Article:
21DVR at Dropout Prior to Design Basis Accident Grid Capability at DVR Reset Threshold Additional Case Studies 22DVR at Dropout Prior to DBA (Does Not Reset)Station connected to a degraded gridGrid voltage results in voltage at DVR drop out value (6555V) prior to DBA

.CSST load tap changers are assumed not functioning.Fixed voltage source was modeled at the station switchyardAll Shutdown Boards are assumed aligned normally.Note: Without the load tap changer, this case can not be successfully recovered by offsite power since the post

-event loading is greater than the pre

-event loadingConclusion:Class 1E buses disconnect from off site power and transfer to the DGsBased on previous analysis (protective device analysis), Class 1E components have adequate voltage for starting and running within analyzed time limits 23DVR at Dropout Prior to DBA DVR Does Not Reset

-1E Buses Transfer to DGsDVR Drop OutDVR ResetLOV Drop OutTransfer to DG @ 8.5 -

11.5 SecStays on Off SiteOff Site Volt Not AcceptableTransfers to DGOff Site Volt Acceptable 24Grid Capability at DVR Reset ThresholdStation connected to a degraded gridGrid capability (voltage level and strength) results in initial voltage drop that barely recovers above LOV setpoint prior to 0.5 sec and then recovers to (exactly) the DVR reset value prior to 8.5 sec.CSST load tap changers are not functioningFixed voltage source was modeled at the station switchyardAll Shutdown Boards are aligned normallyNote: This case, while not representative of any actual postulated grid failures, results in the worst conceivable grid that allows Class 1E buses to remain on offsite powerConclusion:This case demonstrates that any conceivable voltage transient caused by motor starting, even at the threshold of LOV timeout AND DVR timeout, will result in recovery of voltage (DVR reset or above) within 4 seconds.Recovery time not significantly different than that shown for offsite power analysis (minimum qualified grid) 25Grid Capability at Degraded Voltage Reset ThresholdWorst Possible Grid that Allows Adequate Recovery of VoltageDVR Drop OutDVR ResetLOV Drop OutDoes Not Transfer to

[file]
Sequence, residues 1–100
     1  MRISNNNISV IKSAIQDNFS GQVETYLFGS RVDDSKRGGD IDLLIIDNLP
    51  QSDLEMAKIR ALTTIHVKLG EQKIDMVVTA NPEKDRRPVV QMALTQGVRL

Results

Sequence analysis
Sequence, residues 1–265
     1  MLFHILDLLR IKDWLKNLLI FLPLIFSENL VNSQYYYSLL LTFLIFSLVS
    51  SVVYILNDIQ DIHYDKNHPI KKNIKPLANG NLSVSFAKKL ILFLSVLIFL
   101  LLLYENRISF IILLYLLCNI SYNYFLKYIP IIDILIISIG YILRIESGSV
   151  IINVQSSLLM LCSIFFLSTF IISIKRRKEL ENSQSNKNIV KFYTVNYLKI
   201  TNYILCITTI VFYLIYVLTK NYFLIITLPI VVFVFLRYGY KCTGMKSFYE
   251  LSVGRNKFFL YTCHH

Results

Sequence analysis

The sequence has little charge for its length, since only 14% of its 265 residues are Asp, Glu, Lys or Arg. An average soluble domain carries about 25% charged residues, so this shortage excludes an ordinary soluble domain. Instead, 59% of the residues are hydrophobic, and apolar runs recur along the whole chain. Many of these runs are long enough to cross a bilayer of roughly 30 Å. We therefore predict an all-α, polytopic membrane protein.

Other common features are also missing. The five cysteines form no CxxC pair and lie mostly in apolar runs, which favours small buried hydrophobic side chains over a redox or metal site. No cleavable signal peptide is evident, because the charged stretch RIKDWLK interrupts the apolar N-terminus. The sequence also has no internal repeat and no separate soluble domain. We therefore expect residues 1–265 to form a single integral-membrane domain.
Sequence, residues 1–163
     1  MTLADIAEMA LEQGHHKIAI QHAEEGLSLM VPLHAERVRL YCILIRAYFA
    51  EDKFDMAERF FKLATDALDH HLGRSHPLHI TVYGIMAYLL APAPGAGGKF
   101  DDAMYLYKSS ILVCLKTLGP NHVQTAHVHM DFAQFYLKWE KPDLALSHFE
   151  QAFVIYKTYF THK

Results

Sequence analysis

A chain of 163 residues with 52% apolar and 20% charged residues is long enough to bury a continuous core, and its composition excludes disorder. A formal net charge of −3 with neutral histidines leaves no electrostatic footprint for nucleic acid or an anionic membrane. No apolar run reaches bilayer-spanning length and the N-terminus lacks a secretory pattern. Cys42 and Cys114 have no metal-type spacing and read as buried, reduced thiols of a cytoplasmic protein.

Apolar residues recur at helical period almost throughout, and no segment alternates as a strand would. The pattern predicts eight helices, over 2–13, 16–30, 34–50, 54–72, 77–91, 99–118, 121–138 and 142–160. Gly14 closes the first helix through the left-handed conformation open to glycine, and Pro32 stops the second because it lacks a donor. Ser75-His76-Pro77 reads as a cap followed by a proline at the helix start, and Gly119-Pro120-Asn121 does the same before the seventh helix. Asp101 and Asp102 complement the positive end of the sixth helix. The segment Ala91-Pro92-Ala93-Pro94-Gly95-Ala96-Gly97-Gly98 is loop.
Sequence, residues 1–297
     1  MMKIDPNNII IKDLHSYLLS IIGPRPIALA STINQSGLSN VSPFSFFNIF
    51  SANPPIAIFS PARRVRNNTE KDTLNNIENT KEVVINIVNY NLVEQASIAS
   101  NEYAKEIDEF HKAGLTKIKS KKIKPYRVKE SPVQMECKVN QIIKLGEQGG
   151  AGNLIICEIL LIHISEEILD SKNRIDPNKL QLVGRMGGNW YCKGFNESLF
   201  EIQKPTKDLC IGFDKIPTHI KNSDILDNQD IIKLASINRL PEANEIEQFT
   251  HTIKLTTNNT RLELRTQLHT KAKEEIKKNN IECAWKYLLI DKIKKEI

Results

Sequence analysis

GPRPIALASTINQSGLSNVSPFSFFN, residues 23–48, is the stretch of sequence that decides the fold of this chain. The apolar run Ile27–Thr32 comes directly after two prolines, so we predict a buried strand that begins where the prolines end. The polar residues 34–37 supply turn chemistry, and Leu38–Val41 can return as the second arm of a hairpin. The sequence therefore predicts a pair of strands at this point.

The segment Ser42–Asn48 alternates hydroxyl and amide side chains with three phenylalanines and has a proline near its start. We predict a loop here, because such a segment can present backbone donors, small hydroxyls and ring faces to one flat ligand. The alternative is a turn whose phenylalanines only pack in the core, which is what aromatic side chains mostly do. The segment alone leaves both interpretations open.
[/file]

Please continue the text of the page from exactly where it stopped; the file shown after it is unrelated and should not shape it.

DGStays on Off SiteOff Site Volt Not AcceptableTransfers to DGOff Site Volt Acceptable 26Overall Conclusion for Additional Case StudiesFor WBN voltage protection setpoints and design, during a DBA:If the LOV relay times outClass 1E buses disconnect from offsite power and transfer to the DGsBased on previous analysis, Class 1E components have adequate voltage for starting and running within analyzed time limitsIf the LOV relay does not time out, then either:The DVR times outClass 1E buses disconnect from off site power and transfer to the DGsBased on previous analyses, Class 1E components have adequate voltage for starting and running within analyzed time limitsORThe DVR does not time outClass 1E buses remain connected to off site powerBased on previous analyses, Class 1E components have adequate voltage for starting and running within analyzed time limits 27Watts Bar followed industry and NRC guidance in the development, design, and settings of the degraded voltage relay scheme.Watts Bars offsite power analysis demonstrates compliance with GDC-17 requirements.The degraded voltage relay scheme ensures protection of safety related motors and componentsThe Watts Bar DVR scheme being reviewed for U2 operation is the same as that licensed for U1 operation.Conclusions and Summary 28Due to the voltage protection system and auxiliary power system design at Watts Bar the most likely outcome of any motor starting event including a DBA sequence is the voltage may decrease as low as the LOV relay setpoint but will still recover above DVR reset well within the DVR timeout.For any cases that do not recover above reset, either the DVR or LOV time delay settings allow successful transfer to the onsite power supply with all required Class 1E loads achieving adequate voltage with required time periods.No revision to degraded voltage relay setpoints requiredConclusions and Summary